???You don't really see that style from Diane in her first major film, The Godfather, in 1972. She says she never understood why Francis Ford Coppola cast her in it until she watched it again at the recent anniversary celebrations in New York, with the original cast.
"There were 6000 people there and seven of us up on stage - De Niro, Pacino, Jimmy Caan, Robert Duvall, Talia Shire, Francis and myself." She thought she was a weird choice because she was known "and even Francis had said it, as an eccentric".
She pauses. "Well, yes, I was. But watching those first few scenes with Al and I shopping, or at the wedding, I see that we're on the outskirts and we're kind of the people that aren't 'in'. So it was good casting for me because I had no voice at that time in my life, in that movie. I was overwhelmed by this big world and didn't know what to make of it. And I look so weird!"
For all its success, she says the film didn't help her career. But when Woody Allen cast her in Annie Hall, for which she won an Oscar, everything altered. "Oh yeah, Annie Hall changed my life. Because when Woody said, 'Just dress like you do,' it was the gift of all time. It was the greatest gift. Now he makes fun of me. He thinks I'm a freak. But that's our relationship. I tell him what I think of him, too."
With her mannish trousers, waistcoats and floppy hats, plus that scatty, chatty style of acting and Allen's script, Diane created one of the most magical screen characters in movie history. Her personal style was key to how we thought of the character, but she brushes off the idea that her style was somehow special.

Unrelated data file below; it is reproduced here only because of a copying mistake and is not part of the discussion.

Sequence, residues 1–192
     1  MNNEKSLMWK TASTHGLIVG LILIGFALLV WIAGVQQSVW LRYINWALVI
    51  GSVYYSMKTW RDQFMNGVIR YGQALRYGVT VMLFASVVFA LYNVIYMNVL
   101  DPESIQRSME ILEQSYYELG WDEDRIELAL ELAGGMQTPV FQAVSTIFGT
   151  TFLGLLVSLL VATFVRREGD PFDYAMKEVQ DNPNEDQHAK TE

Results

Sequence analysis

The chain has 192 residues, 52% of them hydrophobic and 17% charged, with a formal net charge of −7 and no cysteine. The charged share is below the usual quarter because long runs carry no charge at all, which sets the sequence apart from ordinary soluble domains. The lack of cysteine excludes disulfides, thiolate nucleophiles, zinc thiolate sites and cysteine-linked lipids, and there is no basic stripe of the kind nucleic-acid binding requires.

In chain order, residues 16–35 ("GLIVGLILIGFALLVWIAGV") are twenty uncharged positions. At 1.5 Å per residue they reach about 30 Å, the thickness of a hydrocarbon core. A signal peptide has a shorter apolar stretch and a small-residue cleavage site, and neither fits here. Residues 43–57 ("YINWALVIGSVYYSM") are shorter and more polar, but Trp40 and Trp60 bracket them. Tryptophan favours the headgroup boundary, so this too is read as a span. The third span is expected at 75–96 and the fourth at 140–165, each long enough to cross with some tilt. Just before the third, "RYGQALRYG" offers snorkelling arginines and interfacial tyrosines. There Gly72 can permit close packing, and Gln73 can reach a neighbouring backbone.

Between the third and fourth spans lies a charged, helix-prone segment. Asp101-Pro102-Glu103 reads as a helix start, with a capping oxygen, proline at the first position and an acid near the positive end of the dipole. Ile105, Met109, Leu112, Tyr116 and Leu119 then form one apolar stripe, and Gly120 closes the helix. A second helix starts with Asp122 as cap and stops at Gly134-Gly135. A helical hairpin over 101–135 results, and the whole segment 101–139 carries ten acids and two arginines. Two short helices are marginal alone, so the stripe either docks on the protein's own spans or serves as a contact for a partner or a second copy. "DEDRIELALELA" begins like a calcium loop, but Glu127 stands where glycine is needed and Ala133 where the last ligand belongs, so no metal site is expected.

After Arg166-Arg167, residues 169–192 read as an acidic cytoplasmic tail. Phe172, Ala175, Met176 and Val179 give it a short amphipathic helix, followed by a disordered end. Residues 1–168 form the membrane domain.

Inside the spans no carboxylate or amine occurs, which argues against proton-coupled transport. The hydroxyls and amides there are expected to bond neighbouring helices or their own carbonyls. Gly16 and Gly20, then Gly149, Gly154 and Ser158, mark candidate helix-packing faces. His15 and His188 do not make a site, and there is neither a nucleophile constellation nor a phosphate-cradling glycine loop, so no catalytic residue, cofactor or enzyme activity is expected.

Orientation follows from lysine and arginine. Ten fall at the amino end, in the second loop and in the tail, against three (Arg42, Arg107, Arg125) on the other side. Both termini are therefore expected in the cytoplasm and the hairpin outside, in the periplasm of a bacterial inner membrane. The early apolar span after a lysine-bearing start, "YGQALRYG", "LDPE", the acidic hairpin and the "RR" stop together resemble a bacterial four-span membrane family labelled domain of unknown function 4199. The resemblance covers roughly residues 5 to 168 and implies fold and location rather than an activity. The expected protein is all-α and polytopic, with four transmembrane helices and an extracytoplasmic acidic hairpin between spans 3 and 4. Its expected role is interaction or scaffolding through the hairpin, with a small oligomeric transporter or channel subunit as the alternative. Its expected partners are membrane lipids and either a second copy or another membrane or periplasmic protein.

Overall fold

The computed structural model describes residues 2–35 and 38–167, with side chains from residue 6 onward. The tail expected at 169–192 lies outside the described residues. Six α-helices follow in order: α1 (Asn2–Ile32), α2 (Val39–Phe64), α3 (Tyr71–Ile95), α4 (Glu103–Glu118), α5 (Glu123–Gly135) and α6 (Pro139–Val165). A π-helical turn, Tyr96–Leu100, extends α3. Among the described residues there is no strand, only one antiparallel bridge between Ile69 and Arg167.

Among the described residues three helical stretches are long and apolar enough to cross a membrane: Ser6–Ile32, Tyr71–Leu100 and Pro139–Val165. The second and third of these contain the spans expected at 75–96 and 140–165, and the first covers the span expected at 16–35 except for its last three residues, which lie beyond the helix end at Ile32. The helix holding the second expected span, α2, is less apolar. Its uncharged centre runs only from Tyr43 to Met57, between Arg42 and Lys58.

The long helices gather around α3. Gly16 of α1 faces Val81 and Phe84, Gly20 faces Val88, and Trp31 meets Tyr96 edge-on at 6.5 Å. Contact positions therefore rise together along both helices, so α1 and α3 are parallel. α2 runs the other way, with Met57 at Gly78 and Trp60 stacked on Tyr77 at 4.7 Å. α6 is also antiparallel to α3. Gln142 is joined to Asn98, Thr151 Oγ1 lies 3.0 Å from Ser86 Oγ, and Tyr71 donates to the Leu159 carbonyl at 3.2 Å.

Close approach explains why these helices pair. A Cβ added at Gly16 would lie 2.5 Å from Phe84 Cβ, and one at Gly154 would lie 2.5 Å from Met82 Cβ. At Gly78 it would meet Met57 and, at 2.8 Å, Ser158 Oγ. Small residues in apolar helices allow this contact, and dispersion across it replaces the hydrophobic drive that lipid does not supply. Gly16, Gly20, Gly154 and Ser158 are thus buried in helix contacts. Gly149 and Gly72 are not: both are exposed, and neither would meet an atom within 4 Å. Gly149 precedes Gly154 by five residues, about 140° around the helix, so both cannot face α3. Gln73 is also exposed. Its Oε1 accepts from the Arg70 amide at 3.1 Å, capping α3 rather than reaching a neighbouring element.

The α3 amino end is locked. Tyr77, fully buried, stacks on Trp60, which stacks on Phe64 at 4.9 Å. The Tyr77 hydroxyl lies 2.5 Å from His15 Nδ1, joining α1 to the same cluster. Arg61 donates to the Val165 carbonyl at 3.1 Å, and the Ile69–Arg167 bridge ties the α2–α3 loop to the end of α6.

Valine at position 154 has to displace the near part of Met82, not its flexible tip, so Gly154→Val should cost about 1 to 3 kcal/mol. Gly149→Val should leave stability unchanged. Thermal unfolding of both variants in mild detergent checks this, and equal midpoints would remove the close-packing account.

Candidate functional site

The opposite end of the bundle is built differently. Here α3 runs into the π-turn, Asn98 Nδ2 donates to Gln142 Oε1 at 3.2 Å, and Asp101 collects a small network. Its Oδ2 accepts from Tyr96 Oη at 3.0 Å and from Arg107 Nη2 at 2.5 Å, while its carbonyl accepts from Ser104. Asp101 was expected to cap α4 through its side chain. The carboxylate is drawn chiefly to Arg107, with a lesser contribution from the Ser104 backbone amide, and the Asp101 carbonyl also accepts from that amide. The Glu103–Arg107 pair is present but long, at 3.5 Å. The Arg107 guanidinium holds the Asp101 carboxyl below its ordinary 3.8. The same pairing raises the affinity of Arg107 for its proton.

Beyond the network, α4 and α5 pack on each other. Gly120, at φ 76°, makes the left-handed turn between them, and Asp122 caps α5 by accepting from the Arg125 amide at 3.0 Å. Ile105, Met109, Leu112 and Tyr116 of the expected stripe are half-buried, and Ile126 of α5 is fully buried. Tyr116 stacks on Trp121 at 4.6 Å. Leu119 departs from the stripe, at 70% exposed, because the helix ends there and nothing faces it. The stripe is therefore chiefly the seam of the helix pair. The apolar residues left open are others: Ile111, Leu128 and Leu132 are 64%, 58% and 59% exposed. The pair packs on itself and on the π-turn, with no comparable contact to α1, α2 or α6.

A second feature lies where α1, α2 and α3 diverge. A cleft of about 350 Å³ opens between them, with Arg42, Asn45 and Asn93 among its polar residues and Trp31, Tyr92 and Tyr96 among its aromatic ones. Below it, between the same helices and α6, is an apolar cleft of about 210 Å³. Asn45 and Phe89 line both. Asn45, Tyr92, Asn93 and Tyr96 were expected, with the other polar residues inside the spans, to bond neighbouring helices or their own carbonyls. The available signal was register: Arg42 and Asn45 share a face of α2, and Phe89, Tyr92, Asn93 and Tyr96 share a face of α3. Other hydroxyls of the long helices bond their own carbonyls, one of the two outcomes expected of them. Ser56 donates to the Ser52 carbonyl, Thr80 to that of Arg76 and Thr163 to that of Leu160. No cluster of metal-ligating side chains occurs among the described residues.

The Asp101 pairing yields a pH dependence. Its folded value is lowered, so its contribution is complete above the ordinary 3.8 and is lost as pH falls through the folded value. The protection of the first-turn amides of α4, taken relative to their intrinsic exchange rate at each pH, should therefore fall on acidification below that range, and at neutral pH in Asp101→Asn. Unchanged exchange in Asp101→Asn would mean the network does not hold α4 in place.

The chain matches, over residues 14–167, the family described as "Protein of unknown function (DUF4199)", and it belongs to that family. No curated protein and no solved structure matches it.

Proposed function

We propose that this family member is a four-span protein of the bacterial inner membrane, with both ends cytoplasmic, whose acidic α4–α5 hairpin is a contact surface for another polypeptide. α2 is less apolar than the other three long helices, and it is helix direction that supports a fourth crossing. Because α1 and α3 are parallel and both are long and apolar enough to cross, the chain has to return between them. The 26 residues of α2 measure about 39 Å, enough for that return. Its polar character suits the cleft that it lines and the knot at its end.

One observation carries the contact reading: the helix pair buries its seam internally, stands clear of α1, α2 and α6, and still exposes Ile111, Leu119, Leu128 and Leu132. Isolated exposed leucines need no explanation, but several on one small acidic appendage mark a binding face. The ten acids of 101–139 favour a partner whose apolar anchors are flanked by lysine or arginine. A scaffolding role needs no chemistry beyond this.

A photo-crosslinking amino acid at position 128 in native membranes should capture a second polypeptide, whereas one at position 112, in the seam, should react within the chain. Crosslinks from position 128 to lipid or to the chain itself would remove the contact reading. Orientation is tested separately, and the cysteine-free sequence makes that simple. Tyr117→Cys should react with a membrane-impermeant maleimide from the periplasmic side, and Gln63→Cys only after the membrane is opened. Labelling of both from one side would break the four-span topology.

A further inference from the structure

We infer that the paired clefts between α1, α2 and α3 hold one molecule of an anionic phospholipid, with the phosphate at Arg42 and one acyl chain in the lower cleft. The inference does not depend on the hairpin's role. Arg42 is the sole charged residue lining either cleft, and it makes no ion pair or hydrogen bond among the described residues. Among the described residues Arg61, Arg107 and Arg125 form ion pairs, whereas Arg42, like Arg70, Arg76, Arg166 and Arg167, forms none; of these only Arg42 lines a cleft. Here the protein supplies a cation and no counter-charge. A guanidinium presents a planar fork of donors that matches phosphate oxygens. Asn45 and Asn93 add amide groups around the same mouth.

"It was just developing all the time, from the street but also fashion. I mean, in the 1970s, Comme des Gar??ons - I would go and stare in the windows. Romeo Gigli, he had a flair for tailoring. I liked Ralph Lauren early on, too. Because that look gives me a body, that's the way I feel about it. Because I'm kind of straight up and down, I love it."
She made covered-up look sexy and still does, I say, thinking about the roll-neck tops that have become her trademark - and which Jack Nicholson famously scissored off in Something's Gotta Give. "I've always been quite covered up," she concedes. "Oh yes, I believe in that!
"The other person I think is the biggest genius of all for covering up is Karl Lagerfeld. I feel like I should meet him. I'm sure he wouldn't like my style but I have to say when I look at him, oh wow, oh honey. He took it far and I think yeah, why not? He looks good, man! Spec-tacular. So I like to think of myself as the female Karl Lagerfeld." And she has a good laugh at that.
Hampstead is released on August 17.